TABLE 1
Synonymous, nonsynonymous, and noncoding sequence variation for GstD1 in D. mojavensis, D. arizonae, and D. navojoa

Population structure:

Population structure within D. mojavensis and D. arizonae was estimated by calculating the FST parameter. Only synonymous and noncoding variation was used in the calculation of FST to remove any possible bias due to selection at nonsynonymous sites. To be certain there is no structure within each of the D. mojavensis populations, pairwise FST's were calculated for each of the collection sites separately (supplemental Table 3 at http://www.genetics.org/supplemental/). Most of the comparisons were significant with the exception of the two collection sites within the Mojave population and between the three collection sites within the Sonora population. When pooling all collection sites within a population, there is significant genetic isolation between all four D. mojavensis populations (Table 2). With the exception of the comparison between the Catalina Island and the Mojave population (P = 0.99), a similar pattern was observed when using nonsynonymous sites (supplemental Table 4 at http://www.genetics.org/supplemental/). This result was expected since the Catalina Island and Mojave populations share the same protein haplotype. The northern D. arizonae population is composed of collections within the Sonoran Desert and Riverside, California. There was no significant FST between those two collection sites (FST = 0.068, P = 0.09). When pooling all the northern D. arizonae collections and comparing them to the southern D. arizonae, significant genetic isolation was observed (FST = 0.59, P < 0.001).

TABLE 2
Pairwise FST between the four D. mojavensis populations

Phylogenetic analysis:

Both ML and Bayesian methods of phylogenetics analysis were used in this study. With very minor exceptions, both methods resulted in the same phylogenetic structure. Figure 2 shows the result of the Bayesian analysis (results of the ML analysis not shown). For the Bayesian analysis the evolutionary model chosen was K80 + I + Γ (I = 0.573, Γ = 0.883) with codon partitioning (Kimura 1980). Both D. mojavensis and D. arizonae are reciprocally monophyletic. The D. mojavensis clade is split into two well-supported groups, Baja/Sonora and Catalina Island/Mojave. The southern D. arizonae population forms a monophyletic group within the larger polyphyletic clade of D. arizonae.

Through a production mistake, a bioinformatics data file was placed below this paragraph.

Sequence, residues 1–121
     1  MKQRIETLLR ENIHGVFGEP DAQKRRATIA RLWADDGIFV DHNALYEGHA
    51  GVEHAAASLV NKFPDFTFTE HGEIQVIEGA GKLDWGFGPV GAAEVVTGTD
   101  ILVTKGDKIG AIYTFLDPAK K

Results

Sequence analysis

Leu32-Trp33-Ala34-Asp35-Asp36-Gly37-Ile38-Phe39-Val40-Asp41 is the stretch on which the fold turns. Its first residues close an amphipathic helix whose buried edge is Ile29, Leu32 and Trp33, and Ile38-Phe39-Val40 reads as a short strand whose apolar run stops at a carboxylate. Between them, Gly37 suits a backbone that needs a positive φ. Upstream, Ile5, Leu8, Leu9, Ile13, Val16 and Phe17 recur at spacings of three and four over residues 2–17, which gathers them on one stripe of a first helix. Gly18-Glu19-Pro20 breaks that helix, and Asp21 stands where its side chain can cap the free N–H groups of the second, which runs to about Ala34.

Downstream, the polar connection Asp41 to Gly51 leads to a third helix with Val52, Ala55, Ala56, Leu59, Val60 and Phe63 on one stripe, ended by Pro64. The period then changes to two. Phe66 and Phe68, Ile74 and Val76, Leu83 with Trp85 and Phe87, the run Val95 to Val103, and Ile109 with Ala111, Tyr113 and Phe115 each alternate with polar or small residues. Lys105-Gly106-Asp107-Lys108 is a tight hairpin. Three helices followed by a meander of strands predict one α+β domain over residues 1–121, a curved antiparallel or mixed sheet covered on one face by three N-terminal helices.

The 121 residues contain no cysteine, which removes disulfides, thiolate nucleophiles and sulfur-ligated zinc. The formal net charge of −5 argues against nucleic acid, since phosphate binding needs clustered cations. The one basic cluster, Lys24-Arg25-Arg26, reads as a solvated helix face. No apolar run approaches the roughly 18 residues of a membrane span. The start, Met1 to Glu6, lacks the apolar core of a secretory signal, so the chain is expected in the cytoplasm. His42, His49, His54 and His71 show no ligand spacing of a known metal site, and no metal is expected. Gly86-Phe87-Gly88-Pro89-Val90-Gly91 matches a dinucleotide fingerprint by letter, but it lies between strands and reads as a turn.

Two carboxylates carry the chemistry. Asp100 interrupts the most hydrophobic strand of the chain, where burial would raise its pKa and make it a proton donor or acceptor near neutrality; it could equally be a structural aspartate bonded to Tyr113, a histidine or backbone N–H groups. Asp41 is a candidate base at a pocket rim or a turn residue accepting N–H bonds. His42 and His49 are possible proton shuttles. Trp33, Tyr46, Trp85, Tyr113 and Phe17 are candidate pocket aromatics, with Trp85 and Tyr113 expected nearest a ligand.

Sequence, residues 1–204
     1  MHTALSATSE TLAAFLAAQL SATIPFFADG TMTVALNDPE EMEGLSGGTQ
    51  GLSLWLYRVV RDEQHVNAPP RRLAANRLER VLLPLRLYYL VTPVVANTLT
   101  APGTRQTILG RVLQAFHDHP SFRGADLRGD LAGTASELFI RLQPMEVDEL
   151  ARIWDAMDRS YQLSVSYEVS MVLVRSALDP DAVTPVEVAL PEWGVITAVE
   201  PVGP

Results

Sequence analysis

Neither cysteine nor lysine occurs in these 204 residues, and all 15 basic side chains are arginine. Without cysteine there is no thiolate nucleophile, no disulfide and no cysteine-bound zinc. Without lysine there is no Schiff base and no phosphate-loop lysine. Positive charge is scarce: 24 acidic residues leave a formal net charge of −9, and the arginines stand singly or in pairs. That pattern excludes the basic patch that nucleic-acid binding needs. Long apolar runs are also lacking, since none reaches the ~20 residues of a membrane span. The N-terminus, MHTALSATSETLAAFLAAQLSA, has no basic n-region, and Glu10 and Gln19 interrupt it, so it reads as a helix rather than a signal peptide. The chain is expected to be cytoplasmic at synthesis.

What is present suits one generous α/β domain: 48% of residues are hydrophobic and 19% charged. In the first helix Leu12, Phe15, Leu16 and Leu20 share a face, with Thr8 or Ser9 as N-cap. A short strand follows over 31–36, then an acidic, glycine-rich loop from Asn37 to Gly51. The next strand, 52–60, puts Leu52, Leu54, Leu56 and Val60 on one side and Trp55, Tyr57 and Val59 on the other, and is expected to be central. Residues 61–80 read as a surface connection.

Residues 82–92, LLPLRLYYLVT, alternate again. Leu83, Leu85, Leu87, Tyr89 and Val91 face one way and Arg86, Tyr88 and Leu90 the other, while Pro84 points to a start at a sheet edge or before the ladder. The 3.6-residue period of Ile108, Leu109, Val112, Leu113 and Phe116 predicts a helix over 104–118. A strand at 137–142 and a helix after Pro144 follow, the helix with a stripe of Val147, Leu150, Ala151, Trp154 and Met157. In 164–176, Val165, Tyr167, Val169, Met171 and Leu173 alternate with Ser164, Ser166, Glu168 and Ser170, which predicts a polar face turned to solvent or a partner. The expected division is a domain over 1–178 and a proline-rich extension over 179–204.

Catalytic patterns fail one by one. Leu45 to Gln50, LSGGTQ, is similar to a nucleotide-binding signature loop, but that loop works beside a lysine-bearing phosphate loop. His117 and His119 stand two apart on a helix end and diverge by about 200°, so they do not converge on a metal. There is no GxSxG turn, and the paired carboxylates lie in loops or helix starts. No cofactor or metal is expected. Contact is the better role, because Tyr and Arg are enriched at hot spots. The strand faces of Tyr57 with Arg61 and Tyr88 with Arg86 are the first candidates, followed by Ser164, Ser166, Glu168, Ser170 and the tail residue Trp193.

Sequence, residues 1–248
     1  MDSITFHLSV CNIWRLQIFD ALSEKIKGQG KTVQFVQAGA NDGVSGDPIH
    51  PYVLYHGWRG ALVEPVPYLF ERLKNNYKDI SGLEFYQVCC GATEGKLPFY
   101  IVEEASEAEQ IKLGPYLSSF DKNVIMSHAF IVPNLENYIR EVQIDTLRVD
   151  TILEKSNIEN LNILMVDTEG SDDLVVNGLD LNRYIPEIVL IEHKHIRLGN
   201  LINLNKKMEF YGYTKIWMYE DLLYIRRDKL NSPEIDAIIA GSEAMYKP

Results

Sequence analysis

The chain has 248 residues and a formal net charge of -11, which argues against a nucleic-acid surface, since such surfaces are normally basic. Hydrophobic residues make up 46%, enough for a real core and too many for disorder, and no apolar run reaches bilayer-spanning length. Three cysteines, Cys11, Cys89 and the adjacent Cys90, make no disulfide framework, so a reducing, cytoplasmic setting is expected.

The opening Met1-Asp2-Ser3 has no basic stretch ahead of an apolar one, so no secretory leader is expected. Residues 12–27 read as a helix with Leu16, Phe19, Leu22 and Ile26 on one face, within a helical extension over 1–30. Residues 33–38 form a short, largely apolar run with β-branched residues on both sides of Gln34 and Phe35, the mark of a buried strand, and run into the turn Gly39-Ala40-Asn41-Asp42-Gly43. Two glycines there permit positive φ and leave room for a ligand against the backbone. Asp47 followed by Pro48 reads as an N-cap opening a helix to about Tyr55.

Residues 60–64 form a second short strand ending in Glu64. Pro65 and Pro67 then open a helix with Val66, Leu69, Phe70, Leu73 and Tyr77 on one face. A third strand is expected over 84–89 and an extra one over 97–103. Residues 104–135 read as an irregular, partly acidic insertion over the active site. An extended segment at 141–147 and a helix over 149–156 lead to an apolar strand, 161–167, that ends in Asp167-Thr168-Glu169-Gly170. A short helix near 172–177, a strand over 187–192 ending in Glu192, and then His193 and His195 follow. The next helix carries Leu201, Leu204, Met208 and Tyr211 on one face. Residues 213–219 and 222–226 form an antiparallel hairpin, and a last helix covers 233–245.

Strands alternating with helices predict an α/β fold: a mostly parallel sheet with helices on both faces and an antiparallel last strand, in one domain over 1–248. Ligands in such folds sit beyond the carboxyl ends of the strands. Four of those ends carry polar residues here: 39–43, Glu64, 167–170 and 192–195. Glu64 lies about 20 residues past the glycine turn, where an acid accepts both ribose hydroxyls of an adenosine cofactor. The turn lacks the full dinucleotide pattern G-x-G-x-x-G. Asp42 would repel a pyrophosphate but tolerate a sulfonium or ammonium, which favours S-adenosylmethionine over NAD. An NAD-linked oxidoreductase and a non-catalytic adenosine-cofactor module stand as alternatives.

Figure 2.
Bayesian tree analysis for all GstD1 sequences using the K80 + I + Γ model (see text for more details). The support for branches is shown. The species (solid brackets) and populations (dashed brackets) are shown. Sample identifications ...

Frequency and test of neutrality analysis:

Given the above determined population structure within the two species, demographic changes within each population could be determined with less bias by analyzing each population separately. Table 3 contains the summary statistics for several frequency-distribution tests done on each of the D. mojavensis and D. arizonae populations (analysis of D. navojoa is not shown given low statistical power due to the small sample size). In the Baja D. mojavensis population the above statistics were all negative and the majority significantly so. The only other D. mojavensis population with negative statistics was the Sonora population, although none were significant. In both D. arizonae populations the majority of the statistics were negative (see Table 3).

TABLE 3
Summary statistics of frequency distribution tests